After a nearly 10-day stay at the international space station that included construction work and a computer meltdown, space shuttle Atlantis was cleared to begin its return trip to Earth.
The shuttle was scheduled to undock from the space station at 1440GMT yesterday, with a planned return to Cape Canaveral, Florida, on Thursday.
Atlantis might have stayed an extra day if engineers had not been happy with a test to see how well the Russian computers that crashed last week can control the orbiting outpost's orientation.
"Monday's test was a success," said Phil Engelauf, chief of the flight directors' office.
"Yes, we think we're back to where we're supposed to be in terms of normal routine operations and reliability," he said.
The shuttle and space station crews said their farewells on Monday before closing the hatches between the two spacecraft in preparation for departure.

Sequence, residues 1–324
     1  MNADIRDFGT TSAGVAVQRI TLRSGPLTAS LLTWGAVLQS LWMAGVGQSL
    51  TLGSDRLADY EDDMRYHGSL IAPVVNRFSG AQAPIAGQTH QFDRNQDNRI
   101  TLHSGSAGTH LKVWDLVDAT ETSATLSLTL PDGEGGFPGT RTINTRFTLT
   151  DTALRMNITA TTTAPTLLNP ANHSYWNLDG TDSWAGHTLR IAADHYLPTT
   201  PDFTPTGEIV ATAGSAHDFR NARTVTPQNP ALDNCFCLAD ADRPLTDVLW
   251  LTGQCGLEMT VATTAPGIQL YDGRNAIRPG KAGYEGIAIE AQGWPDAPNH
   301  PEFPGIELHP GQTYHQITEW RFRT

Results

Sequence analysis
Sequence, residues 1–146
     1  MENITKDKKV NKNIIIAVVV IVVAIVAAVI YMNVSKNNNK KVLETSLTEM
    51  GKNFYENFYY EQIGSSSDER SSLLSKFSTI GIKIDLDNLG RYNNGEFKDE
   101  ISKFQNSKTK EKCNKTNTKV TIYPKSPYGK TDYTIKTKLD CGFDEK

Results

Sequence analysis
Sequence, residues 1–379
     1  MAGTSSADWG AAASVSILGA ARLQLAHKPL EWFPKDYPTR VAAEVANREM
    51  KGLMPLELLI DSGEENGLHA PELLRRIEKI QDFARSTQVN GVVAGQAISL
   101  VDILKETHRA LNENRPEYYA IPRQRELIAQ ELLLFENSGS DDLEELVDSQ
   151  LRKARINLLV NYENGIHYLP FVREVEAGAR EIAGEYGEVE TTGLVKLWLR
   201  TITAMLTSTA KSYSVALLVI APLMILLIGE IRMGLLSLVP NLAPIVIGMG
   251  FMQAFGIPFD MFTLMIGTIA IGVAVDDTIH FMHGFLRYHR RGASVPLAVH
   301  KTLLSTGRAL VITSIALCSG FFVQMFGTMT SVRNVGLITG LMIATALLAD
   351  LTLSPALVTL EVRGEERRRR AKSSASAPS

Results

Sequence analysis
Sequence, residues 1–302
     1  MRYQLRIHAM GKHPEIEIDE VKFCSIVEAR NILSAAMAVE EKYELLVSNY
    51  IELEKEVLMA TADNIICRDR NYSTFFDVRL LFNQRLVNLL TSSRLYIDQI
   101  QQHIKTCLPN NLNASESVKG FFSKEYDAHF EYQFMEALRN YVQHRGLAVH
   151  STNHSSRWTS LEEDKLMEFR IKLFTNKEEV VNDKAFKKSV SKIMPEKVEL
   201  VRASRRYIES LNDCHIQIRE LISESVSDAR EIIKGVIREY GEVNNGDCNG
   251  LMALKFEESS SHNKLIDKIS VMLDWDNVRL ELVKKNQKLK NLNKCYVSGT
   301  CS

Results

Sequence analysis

"Have a good, safe landing. Until we see you again," International Space Station commander Fyodor Yurchikhin said before the hatches were closed.
During the test, the space shuttle's thrusters maneuvered the joined craft before the space station's computers commanded thrusters on the Russian side of the outpost to take control. US computers then sent commands to the Russian thrusters before the station's gyroscopes took over control.
The computers, which were revived during the weekend, had not commanded the Russian thrusters since last Tuesday, when six computer processors in the two systems started crashing. During the meltdown, Atlantis' thrusters helped maintain the station's orientation.
NASA and Russian managers wanted to make sure Atlantis wasn't needed at the station before leaving.
The computers also control life support systems such as an oxygen generator, temperature and a carbon dioxide scrubber. Except for the oxygen generator, all the space station systems were turned back on during the weekend.
Oxygen for the crews has come from other sources, such as a cargo ship on the Russian side of the station.
Engelauf said engineers were still trying to pinpoint the cause of the computer failure.
Sunita Williams, whose more than six months on the space station set a record for the longest single spaceflight by a woman, is returning on the space shuttle.
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